Masta, S. (2018). Settler colonial legacies: Indigenous student reflections on K-12 social studies curriculum. Intersections: Critical Issues in Education, 2(2), 76-88.

This article explores how Indigenous students make meaning of the dominant structure of settler colonialism within their K-12 academic experiences. I build on previous work done on settler colonial ideology by linking structural forms of settler colonial power to the lived experiences of Indigenous students, and using their voices to describe how pervasive settler colonial ideology is in practice. Through their descriptions of the curriculum narratives in K-12, the participants create a compelling image of the influence of settler colonialism in their educational experiences. Confronting settler colonial ideology is not just about providing a more accurate historical record of what occurred in the United States. Confronting settler colonial ideology reaffirms the value and importance of Indigenous people.

Keywords: Indigenous education, settler colonialism

“I’m Exhausted”: Everyday Occurrences of Being Native American

Masta, S. (2018). “I’m exhausted”: Everyday occurrences of being Native American. International Journal of Qualitative Studies in Education, 31(9), 821-835.

In this study, I used small stories narrative and Indigenous methodology to understand the everyday occurrences of Native American students and to highlight the complex relationship between their identity, their sense of belonging in graduate school, and their view of education. The experiences of the participants were marked by two things: the experience of ongoing colonization and the experience of defending Native identity. By focusing on the small narrative stories of their everyday experiences, my research illustrates how ongoing colonization creates situations where students need to defend their identities. Not only is small stories research one way to avoid some of the more essentialist problems of grand narratives, it provides one possible way to move forward and to demonstrate and deconstruct the problematic power structures in higher education that prevent Native American students from accessing equity.

Strategy and Resistance: How Native American Students Engage in Accommodation in Mainstream Schools

Masta, S. (2018). Strategy and resistance: How Native American students engage in accommodation in mainstream schools. Anthropology & Education Quarterly, 49(1), 21-35.

This article explores the experiences of a group of Native American 8th graders who attend a mainstream school and how they engage in accommodation as an act of agency and resistance to protect and maintain their identities in their school environment. By using Tribal Critical Race Theory to examine these experiences, this study raises important questions about how mainstream schools can support Native American students, despite serving as sites of colonization.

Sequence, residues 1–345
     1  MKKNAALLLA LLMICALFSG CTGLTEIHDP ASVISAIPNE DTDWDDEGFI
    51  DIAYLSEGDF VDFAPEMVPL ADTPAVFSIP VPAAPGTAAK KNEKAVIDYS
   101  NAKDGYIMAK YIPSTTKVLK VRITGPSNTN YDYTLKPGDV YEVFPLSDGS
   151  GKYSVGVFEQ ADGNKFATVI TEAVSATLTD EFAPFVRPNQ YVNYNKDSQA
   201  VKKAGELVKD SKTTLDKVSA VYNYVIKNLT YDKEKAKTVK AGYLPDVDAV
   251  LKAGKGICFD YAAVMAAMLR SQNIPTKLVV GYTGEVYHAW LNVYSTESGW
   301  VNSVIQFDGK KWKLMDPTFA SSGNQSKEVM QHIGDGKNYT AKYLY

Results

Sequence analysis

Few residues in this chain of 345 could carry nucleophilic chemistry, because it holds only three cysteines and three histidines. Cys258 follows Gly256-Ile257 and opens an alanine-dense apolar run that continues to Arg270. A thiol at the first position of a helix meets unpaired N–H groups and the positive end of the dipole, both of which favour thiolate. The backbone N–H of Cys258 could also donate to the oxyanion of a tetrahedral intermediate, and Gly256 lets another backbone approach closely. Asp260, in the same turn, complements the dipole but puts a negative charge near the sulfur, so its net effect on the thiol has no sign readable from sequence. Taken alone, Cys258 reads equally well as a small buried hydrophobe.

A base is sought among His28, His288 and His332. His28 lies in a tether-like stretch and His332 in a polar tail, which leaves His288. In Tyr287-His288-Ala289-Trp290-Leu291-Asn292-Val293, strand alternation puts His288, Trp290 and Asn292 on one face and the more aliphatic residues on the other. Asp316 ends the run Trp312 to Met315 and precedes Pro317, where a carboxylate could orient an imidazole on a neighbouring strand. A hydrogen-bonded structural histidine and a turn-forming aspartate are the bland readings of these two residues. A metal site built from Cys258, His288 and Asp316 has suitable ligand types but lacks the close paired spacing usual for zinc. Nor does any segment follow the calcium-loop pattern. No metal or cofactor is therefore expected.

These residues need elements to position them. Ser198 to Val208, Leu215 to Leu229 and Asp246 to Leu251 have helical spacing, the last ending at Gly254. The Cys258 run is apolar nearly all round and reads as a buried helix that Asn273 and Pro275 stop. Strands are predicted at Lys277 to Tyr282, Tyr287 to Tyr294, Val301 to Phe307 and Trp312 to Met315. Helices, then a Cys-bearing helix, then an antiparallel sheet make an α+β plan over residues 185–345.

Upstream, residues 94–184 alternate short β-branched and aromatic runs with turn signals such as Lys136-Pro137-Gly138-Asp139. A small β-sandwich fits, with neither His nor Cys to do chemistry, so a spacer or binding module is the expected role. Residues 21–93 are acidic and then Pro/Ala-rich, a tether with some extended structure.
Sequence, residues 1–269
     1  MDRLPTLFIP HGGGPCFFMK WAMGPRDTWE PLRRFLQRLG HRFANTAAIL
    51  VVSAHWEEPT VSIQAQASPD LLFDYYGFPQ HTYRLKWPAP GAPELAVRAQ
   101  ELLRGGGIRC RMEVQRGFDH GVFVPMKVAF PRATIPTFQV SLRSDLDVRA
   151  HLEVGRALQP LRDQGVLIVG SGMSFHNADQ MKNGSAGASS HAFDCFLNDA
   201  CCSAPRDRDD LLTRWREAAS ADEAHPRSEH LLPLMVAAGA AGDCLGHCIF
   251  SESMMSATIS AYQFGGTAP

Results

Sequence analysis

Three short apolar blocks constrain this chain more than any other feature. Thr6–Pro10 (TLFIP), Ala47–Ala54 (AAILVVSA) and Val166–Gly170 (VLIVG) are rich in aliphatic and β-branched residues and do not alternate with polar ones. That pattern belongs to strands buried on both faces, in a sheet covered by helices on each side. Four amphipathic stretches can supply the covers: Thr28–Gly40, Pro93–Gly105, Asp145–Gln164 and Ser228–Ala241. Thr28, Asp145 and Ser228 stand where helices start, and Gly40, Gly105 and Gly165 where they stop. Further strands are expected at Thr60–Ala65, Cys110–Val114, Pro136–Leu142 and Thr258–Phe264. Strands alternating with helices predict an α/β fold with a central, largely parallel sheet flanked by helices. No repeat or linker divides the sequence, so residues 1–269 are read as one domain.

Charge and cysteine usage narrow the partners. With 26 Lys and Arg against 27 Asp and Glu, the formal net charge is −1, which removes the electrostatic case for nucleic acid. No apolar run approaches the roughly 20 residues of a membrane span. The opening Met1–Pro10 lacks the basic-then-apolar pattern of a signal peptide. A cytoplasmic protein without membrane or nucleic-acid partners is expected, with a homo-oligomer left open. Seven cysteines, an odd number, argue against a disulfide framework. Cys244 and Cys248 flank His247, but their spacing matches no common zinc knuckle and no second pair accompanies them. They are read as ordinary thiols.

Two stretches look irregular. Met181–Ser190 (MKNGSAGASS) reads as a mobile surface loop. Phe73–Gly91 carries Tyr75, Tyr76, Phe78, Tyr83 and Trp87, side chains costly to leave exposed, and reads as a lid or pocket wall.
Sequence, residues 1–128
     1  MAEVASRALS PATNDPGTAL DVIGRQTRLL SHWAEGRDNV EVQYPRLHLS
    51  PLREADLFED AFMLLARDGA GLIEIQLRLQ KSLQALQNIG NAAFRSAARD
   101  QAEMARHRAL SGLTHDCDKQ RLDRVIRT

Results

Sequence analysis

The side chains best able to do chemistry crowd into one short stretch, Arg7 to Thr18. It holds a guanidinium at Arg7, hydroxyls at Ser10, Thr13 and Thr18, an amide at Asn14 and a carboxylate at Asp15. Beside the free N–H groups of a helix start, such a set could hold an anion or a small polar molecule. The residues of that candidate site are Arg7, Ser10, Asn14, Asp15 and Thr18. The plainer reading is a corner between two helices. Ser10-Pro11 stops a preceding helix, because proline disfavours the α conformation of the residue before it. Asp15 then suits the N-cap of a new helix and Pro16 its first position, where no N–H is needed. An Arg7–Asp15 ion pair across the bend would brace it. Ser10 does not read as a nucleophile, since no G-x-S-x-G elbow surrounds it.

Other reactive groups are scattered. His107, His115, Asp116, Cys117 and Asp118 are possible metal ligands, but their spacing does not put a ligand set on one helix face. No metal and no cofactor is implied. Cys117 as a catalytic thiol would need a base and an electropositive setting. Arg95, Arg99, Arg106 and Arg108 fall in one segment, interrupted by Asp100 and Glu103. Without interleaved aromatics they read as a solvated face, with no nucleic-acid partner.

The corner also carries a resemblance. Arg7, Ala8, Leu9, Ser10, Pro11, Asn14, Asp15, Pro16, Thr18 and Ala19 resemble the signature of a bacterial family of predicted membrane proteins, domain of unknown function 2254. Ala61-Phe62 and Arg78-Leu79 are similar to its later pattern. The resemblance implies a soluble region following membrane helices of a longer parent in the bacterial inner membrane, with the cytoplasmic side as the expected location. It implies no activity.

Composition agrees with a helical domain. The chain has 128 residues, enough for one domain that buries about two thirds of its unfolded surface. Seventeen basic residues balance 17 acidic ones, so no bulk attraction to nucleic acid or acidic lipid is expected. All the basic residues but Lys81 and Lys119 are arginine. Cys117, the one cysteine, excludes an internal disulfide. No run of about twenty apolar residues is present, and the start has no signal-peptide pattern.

Key Words: Native American education, Tribal Critical Race Theory

What the Grandfathers Taught Me: Lessons for an Indian Country Researcher

Masta, S. (2018). What the grandfathers taught me: Lessons for an Indian Country research. The Qualitative Report, 23(4), 841-852.

Native scholars face several challenges when they enter research spaces. These challenges include difficulty in engaging with the broader research community because of the social and educational urgency of tribal-focused research, discouragement from using Indigenous methodologies because they are not “widely recognized,” and resisting positivist and postpositivist methodologies that marginalize Native populations. Using an autoethnographic approach, I make meaning of how the Seven Grandfathers lessons from my childhood inform my research practice. I also discuss how these lessons give me the tools to address the challenges I experience as a Native scholar and provide a holistic approach to the process of decolonizing research.

Keywords: Indigenous Research, Autoethnography

Disrupting Colonial Narratives in the Curriculum

Masta, S. (2016). Disrupting colonial narratives in the curriculum. Multicultural Perspectives, 18(4), 185-191.

Within the field of critical education studies scholars argue that social studies curriculum should address colonialism (Brayboy, 2006; Castagno & Brayboy, 2007; Tuck & Gatzambide-Fernandez, 2013). This article presents a single case study of an eighth-grade social studies teacher, and how vestiges of colonialism were evident in his classroom. While class lessons and discussions offered opportunities to engage and challenge colonialism, the teacher opted to either normalize colonialism or erase its influence. Treating colonialism as normal or non-existent in the curriculum does not acknowledge how endemic colonialism is within society, and perpetuates an ideology that continues to marginalize the colonized and their contributions to society.

Navigating Dual Landscapes: Being Brown and Black in Academic Spaces

{From a keynote I delivered at the Minority Engineering Program Graduate Student Success Symposium at Purdue University}

Good morning! I am incredibly thankful for the opportunity to talk to you today. I was asked to touch upon three topics—defining personal and professional success, belonging to this institution, and what it means to navigate a predominately white graduate academic and professional environment as an underrepresented student. This is not only my experience, but an experience I study, so as you might imagine I have plenty to say about this. It is my hope that the stories I share with you today help you make sense of your own position here at Purdue University.